Public Enterprises Minister Pravin Gordhan. (Waldo Swiegers/Getty Images)
Public Enterprises Minister Pravin Gordhan has thrown his weight behind Transnet’s board after the Durban Chamber of Commerce and Industry called for the axing of chief executive Portia Derby and her team in a private letter addressed to the minister last week.
In the letter, signed by chamber chief executive Palesa Phili, the city’s business organisation pleaded with Gordhan to intervene in Transnet’s affairs and for “the removal” of Derby and “her executive team”, including Transnet Freight Rail (TFR) chief executive Sizakele Mzimela and Transnet National Ports Authority (TNPA) chief executive Pepi Silinga.
The Mail & Guardian understands that the Durban chamber is just one of six organisations, including the Association of South African Chambers, in the country that have written to Gordhan calling for his intervention in the state-owned entity. The Durban chamber represents 3 000 businesses in eThekwini metro.
The correspondence comes after Gordhan’s directive three weeks ago to the Transnet board to make recommendations to address the state-owned entity’s operational shortcomings.
Transnet reported a loss of R5.7 billion in 2022-23 and a drop of 23.6 million tonnes in rail freight, down to 149.5 million tonnes.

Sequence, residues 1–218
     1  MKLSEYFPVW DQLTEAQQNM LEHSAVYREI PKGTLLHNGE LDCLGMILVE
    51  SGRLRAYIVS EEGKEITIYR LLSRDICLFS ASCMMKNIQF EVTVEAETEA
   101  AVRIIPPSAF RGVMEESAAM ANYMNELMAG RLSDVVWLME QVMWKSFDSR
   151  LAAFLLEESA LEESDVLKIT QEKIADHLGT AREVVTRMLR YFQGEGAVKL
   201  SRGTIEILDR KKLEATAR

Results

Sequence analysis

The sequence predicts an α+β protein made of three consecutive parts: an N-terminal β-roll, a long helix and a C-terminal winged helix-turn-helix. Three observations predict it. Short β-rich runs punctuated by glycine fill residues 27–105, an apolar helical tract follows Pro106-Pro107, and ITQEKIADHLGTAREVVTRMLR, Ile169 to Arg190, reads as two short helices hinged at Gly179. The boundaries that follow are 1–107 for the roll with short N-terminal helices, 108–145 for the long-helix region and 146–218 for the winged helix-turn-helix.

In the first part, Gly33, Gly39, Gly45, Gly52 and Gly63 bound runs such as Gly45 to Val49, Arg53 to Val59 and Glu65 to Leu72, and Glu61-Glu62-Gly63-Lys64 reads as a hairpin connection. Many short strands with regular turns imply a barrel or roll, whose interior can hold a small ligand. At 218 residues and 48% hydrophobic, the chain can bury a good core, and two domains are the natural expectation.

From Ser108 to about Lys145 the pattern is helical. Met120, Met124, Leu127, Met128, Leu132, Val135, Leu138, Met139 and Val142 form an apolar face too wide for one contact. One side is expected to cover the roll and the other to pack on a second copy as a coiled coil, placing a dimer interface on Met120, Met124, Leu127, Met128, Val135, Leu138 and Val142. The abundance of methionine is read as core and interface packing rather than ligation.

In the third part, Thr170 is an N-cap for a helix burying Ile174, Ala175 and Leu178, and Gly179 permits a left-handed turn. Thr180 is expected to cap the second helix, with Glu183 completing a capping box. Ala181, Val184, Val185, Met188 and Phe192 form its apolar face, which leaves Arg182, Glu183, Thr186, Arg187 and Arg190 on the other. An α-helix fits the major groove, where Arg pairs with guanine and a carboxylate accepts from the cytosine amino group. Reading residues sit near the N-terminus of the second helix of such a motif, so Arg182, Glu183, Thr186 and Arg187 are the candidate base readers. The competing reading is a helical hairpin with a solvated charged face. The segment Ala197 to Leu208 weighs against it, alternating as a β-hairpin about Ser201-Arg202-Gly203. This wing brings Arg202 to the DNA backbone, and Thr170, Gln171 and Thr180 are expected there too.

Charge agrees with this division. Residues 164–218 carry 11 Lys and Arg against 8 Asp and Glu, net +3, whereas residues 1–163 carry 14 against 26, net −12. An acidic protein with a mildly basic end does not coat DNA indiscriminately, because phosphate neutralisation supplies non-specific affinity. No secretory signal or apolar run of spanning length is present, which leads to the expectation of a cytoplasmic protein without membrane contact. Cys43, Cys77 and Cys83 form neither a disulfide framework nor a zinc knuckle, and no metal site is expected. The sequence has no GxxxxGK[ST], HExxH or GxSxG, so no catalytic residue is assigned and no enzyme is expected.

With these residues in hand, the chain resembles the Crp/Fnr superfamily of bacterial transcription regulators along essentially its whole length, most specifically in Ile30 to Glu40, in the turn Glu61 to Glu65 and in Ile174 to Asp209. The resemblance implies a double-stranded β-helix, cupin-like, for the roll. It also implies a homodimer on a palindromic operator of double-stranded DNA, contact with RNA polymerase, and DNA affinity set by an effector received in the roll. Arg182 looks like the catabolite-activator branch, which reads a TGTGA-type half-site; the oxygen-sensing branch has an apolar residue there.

Phili declined to comment on the letter, saying it was a private communication to Gordhan that had been leaked to the media.
In its letter, the chamber said: “We would like to bring to your attention our concern regarding the current chief executive officer of Transnet Ms Portia Derby and her executive team. The business community of eThekwini has reached a point where we can no longer tolerate her behaviour.”
The chamber alleged that Derby and her team were “sabotaging” businesses because of the port’s poor service delivery.
The chamber said it had written to Derby after she made a “damaging statement” in the media about possible job losses in the road logistics sector when freight rail services improve, and about not having manufacturing in South Africa.
Derby had been quoted saying: “We have created the demand — our failure on one hand and also the demand of the mining industry has created the trucking industry. For the vast majority of the truckers, they are moms and pops, who when they left work took their pensions and bought a truck because there was an opportunity.”
The chamber said her remarks “further harm the current operations, and encourage violent unlawful behaviour, potential job loss and corporate sabotage”.
It said it had also raised other “critical issues that require immediate attention” in the letter to Derby and requested a meeting with her.